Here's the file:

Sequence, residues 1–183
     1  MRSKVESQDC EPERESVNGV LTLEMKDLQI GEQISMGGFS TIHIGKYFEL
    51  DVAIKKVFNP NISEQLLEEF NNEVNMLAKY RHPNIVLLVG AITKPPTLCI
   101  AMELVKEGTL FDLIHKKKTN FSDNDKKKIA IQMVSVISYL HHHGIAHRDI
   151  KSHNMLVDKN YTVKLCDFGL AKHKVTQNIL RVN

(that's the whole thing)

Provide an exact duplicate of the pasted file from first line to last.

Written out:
Sequence, residues 1–183
     1  MRSKVESQDC EPERESVNGV LTLEMKDLQI GEQISMGGFS TIHIGKYFEL
    51  DVAIKKVFNP NISEQLLEEF NNEVNMLAKY RHPNIVLLVG AITKPPTLCI
   101  AMELVKEGTL FDLIHKKKTN FSDNDKKKIA IQMVSVISYL HHHGIAHRDI
   151  KSHNMLVDKN YTVKLCDFGL AKHKVTQNIL RVN